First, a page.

parties in cities across Southern New Jersey, the area in which he grew
up. DJ Hollywood became very popular in his native area and his father
suggested that he write contracts for his work. So Hollywood would write
up contracts with a pen and paper. This became the start of not only Hollywood
as a DJ but as a shrewd businessman.
At the age of 19. DJ Hollywood moved back to the city in which he was
born, Las Vegas. At first life was a little difficult for this young man.
Hollywood worked two jobs a graveyard shift and then proceeded to his
morning shift both as a busboy. One day he heard on the radio and opening
for a part-time DJ for GW Sound. This sparked his interest but Hollywood
decided not to take this opportunity. Ironically, months later while working
on the Nile boat ride at the Luxor, his voice attracted the owner of GW
sound who hired DJ Hollywood to do weddings and then their biggest account
Wet n’ Wild.
Now ever DJ has to start somewhere. Little did DJ Hollywood know that
this was only the beginning and that years later he would be the hottest
DJ in Las Vegas. Hollywood was given this honor by not only Las Vegas
natives with the award of DJ of the year in the Las Vegas Weekly but also
by other DJ’s and nightclub industry employees who awarded him both
2003 DJ of the year and Resident DJ of the year at the 2003 VESPER Awards.
DJ Hollywood is currently the resident of Rain in the Desert at the Palms
Hotel and Casino, which has received the honor of #1 nightclub in the
world and has received enormous coverage on MTV. Before Rain, there is
a list of nightclubs that have been fortunate enough to have DJ Hollywood
entertain their patrons.
In 1996, DJ Hollywood started his first nightclub DJ job at the Beach
Nightclub. This experience gave him the opportunity to learn all different
typed of music. From the Beach Hollywood became the Programmer Director
at the Motown restaurant. Motown only lasted for a couple months, when
a friend’s mother cut out an ad for a DJ audition with on a number.
This DJ audition ended up being for the RA nightclub at the Luxor. DJ
Hollywood advanced into the second audition, which cut the DJ potentials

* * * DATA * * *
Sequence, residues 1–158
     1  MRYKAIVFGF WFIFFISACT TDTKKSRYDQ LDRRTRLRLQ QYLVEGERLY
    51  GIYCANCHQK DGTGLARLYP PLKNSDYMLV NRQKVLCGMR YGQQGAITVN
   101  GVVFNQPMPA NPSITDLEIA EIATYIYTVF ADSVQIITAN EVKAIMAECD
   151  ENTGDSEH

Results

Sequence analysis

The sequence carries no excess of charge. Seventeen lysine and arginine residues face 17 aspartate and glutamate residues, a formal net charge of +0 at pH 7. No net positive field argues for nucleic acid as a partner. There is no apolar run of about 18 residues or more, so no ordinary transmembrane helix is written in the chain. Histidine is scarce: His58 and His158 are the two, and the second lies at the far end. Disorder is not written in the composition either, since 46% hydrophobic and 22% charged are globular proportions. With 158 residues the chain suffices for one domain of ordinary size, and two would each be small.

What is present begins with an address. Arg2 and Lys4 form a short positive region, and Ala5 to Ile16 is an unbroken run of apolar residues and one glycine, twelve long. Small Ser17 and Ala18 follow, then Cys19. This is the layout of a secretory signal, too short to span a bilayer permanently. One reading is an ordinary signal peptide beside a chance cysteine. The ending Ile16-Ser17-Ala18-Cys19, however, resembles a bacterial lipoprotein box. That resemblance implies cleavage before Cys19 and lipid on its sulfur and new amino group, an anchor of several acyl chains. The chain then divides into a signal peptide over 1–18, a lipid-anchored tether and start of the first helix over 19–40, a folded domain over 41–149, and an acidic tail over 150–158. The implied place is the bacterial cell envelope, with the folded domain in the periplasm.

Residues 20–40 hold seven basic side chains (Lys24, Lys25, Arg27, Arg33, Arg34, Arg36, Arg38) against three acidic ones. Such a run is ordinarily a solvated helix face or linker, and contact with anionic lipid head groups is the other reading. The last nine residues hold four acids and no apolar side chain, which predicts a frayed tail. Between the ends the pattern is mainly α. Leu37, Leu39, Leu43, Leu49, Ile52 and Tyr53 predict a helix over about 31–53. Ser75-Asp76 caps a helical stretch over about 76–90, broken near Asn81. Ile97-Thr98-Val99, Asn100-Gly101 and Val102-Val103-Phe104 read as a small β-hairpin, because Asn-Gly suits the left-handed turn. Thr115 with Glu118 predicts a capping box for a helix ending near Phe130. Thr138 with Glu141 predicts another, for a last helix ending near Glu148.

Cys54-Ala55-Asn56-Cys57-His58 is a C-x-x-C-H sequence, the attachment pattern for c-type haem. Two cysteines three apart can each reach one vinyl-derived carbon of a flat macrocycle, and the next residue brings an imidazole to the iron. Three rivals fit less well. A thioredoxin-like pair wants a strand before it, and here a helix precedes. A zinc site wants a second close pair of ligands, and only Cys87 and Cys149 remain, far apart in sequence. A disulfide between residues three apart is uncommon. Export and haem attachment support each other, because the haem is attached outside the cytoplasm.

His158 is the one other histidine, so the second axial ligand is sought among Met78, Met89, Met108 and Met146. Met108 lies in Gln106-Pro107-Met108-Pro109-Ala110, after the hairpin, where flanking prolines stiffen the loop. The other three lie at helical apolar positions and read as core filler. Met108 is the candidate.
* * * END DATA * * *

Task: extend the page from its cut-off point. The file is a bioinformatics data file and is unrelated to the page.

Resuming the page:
form the 155 to 5 DJ’s. During the second audition, Hollywood was
stopped early and became a little worried. However, there was no need
to worry because DJ Hollywood became the first employee of RA, as their
Resident DJ. After RA, Hollywood went over to the Drink Nightclub, where
he entertained the crowds with not only his music but also his occasional
dance moves with the infamous Boogie Nights. From the Drink, Hollywood
dabble into some after hours nightclubs such as Pier Street Annex, Play
Again Sam’s and eventually Drai’s, which he became their Resident
DJ. DJ Hollywood also worked at C2K and Alesium After hours.
When asked to describe the current Las Vegas Club scene, DJ Hollywood
stated, “That there is no other scene in the entire world. Las Vegas
is the melting pot of the vacation society. DJ’s have to pleasure
all crowds and be versatile with themes and music.” It is obvious
from his accomplishments and honors that DJ Hollywood Knows exactly how
to entertain a crowd.
Along with being one of the hottest DJ’s on the club scene, DJ Hollywood
entertains millions every Sunday from 10:00pm to 12:00am with Hollywood
Boulevard, a radio mix show, on 98.5 KLUC. Hollywood Boulevard is ranked,
by the Amatron Ration System #1, in its time slot and is considered one
of the top radio shows on the west coast.
Radio nightclubs, but that still does not complete what DJ Hollywood does
not complete what DJ Hollywood is all about. DJ Hollywood is also a businessman.
He has developed his own corporation called Hollywood Inc. which supplies
DJ’s, bands, as well as, representation to all entertainment venues.
It seems that DJ Hollywood has done everything so what can possibly be
left? Hollywood would one day like to open up his own nightclub, but don’t
worry Las Vegas nightclub owners, not in Las Vegas, Las Vegas already
had enough kick to it; DJ Hollywood would like to open a nightclub in
a college town to spice up the nightlife. Also, he would eventually like
to expand his corporation, Hollywood Inc. with satellite divisions.
At the end of this interview, DJ Hollywood wanted to say a little something
about DJ Frankie, the other featured DJ, as well as one of Hollywood’s
good friends. “The club business was booming in the late 70’s
because of a pioneer, DJ Frankie, who took New York style to Las Vegas.
All the DJ’s in Las Vegas owe a lot of thanks to DJ Frankie from
Studio 54, the most popular Italian-American DJ I know.”
So next time someone mentions Hollywood, Italian-Americans will remember
that Las Vegas has their Hollywood, DJ Hollywood.